This latest foray into massive deficits and deep finiancial obligations to foreign countries is not for capital improvements, R&D, educational enhancements, or infrastructure improvements that bolster productivity.

Bush has borrowed money for tax cuts for the wealthy, big buckets of corporate pork, security pork, funding a 300 billion War with Iraq, and to help buy oodles of cheap Chinese, Asian, and Euro stuff...

He has cut R&D 30% from Clinton's time, foisted education costs further on the states, and done little to stimulate needed infrastructure improvements and corporate capital spending.

And 2 trillion more in IOUs to Asian and Euro bankers - not for investments, but to finance welfare in the form transition costs associated with making up lost payroll taxes so individual "ownership accounts" can proceed? Unthinkable, given the 2 trillion we already owe to our Chinese, Japanese and some Euro bankers.

Bush is setting up Gen X and Y to repay the 2 trillion owed for the good gravy deals he slathered his Generation with. What good is an investment account if it is payed in good part for by interest accumulating, borrowed money?

Posted by: Cedarford at April 29, 2005 10:12 AM (HoSBk)

11 I'm for cutting, but I'd just across-the-board raise the retirement age.

People are staying healthier longer and living longer. SS is supposed to be insurance for an old age in which you aren't able to work. As such, if you die before you collect everything you put in, well, most insurance you pay in and hope you never have to collect it. What you don't want is to be 85 and eating dog food.

So I guess I disagree with what I'm hearing about Bush's proposal. Rather than base it on income, I'd base it on ability to work. If you're still healthy, you keep working. Or if you want the luxury of early retirement, save for it yourself.

Posted by: Nicholas Kronos at April 29, 2005 10:25 AM (BPhem)

12 Lets not also forget that a lot of liberals (teachers, social workers etc) actually have replacements for SS. They don't pay in, they pay into a private account instead, and they (probably) won't take out, they will instead retire on their larger private accounts.

Their principles of paying into SS for the 'greater good' only apply to how they want to spend your money, not their own, they prefer to keep their own in a nice fruitful private account. Meanwhile your SS dollars are picked on by a bunch of layabouts that didn't pay into it.

So do we really want them making decisions about some ponzi scheme that many don't pay into, and don't participate?


Posted by: DelphiGuy at April 29, 2005 10:32 AM (nyx6v)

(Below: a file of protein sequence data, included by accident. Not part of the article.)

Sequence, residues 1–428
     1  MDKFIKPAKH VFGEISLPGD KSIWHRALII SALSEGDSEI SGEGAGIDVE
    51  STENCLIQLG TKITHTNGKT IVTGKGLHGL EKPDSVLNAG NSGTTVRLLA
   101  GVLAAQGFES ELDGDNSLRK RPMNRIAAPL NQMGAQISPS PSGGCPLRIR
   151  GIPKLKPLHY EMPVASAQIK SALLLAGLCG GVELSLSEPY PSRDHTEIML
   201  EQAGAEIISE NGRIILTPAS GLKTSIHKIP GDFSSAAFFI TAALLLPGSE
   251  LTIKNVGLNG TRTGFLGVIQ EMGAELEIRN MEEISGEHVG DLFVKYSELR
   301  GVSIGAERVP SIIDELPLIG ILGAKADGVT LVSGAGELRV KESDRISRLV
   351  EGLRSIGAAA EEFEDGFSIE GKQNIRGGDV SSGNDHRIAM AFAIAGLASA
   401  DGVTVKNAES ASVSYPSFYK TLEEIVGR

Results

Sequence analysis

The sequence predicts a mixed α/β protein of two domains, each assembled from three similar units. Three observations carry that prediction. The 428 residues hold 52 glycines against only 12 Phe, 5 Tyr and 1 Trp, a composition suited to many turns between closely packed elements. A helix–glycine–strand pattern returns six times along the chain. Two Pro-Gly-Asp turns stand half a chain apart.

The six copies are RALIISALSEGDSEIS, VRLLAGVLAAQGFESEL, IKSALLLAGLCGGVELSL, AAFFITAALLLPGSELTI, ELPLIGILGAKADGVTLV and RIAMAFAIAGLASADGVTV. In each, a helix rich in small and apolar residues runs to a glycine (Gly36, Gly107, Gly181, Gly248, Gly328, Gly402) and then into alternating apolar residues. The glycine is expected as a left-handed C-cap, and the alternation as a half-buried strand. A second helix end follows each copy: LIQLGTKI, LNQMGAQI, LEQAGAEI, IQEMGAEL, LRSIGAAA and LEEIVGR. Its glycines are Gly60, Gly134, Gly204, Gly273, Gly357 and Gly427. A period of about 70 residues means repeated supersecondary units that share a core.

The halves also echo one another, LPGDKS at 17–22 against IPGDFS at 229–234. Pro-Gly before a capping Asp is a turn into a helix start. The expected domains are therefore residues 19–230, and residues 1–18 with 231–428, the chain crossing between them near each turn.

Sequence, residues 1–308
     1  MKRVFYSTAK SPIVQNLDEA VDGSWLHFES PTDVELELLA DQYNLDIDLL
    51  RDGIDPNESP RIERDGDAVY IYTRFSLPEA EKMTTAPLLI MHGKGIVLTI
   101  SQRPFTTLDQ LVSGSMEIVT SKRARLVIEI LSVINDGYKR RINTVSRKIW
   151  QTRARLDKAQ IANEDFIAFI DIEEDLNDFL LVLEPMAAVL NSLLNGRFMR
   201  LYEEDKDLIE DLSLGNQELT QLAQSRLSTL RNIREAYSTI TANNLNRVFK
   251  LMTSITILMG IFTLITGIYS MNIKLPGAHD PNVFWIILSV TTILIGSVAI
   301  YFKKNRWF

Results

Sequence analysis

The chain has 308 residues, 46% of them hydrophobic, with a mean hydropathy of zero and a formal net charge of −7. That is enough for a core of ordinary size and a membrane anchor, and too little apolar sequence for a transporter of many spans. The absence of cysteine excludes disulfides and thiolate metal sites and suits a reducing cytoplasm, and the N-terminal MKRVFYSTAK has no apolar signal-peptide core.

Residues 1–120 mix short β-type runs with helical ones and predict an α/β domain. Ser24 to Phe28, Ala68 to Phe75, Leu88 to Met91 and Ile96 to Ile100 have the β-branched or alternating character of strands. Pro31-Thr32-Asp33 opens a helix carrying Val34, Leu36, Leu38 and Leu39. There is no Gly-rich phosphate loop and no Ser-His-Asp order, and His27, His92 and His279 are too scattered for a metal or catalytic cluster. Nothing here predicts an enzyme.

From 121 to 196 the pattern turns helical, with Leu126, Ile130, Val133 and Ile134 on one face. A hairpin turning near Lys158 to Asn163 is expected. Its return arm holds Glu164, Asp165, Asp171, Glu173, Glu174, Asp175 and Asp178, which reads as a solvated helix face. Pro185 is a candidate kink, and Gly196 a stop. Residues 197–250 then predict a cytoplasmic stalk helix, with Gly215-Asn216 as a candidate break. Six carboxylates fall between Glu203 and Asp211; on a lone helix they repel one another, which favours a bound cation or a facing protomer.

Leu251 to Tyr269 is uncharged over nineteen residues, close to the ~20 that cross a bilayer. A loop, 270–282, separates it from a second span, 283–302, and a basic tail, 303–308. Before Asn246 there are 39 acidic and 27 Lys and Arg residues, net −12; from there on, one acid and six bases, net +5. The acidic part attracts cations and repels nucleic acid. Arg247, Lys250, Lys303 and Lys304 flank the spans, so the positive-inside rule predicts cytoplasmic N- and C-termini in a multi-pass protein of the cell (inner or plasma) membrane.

13 What Jimmie and Mony said.

Posted by: Rightwingsparkle at April 29, 2005 10:39 AM (tLqLU)

14 Jimmy and rightwingsparkle, like me, are in a camp I call the "social security realists". We are all probably folks in our 30's or 40's who have learned a bitter lesson over the years: getting rid of social security entirely is simply not going to happen. It's not called "the third rail of politics" for no reason. The reason is that social security is a program near and dear to the hearts of old people. Old people vote in large numbers, and by and large they vote democrat. These folks are understandably very focused on near-term effects, and are very susceptible to the "Bush is cutting your benefits!" demagoguery.

The Geritol bloc, combined with the coming tidal wave of retiring Boomers, will probably sink any major social security reform. I wish it were not so, but the democrats will fight any reform movement tooth and nail because (as I have written elsewhere) it is one of the last real Big Government holdouts. If W. manages to shoehorn even a small and monetarily insignificant move to private accounts through Congress, I'll be grateful and amazed in equal measure.

For many of us younger folk, we have learned that social security is simply a bad joke -- our "safety net" will be long gone by the time we're old enough to collect it. I object to being lied to by politicians and leftists alike who insist on propagating this lie. I'm not an idiot, and I know a Ponzi scheme when I see one.

George W. Bush gets props for being brave enough to at least engage the fight, but we need to be realistic about what he can accomplish in the face of such determined opposition.

Posted by: Monty at April 29, 2005 10:51 AM (bZ64u)

15 First, Social Security is not going to go away. Even without any changes, it will have enough cash flow after 2041 to pay 70% of currently promised benefits. So everyone complaining that they will not see "one thin dime" back of their payroll taxes is exaggerating by at least that amount, even in the worst case scenario.

Second, you need to remember that that's not the only way one benefits from this program. When the Social Security checks go out, one of two things happens to the money. It is either spent by a needy senior, and thus saves their family from having to spend money to support them, or it is saved by someone who is better off, in which case it just becomes part of their estate and is passed onto the next generation in the form of either gifts (if they plan ahead) or inheritance. Either way, the next generation receives these benefits in addition to the direct payments they will receive.

Finally, let's all remember that the "Baby Boom" is a generational anomaly. As the boomers eventually die off, the stress on the system created by their demographic bulge will dissipate somewhat, and we'll be back to a more normal payee-to-retiree ratio. Isn't that a comforting thought?

Posted by: HT at April 29, 2005 10:56 AM (iNegL)

16 HT:

You need to lay off the crack, man. It'll ruin you.

Even without any changes, it will have enough cash flow after 2041 to pay 70% of currently promised benefits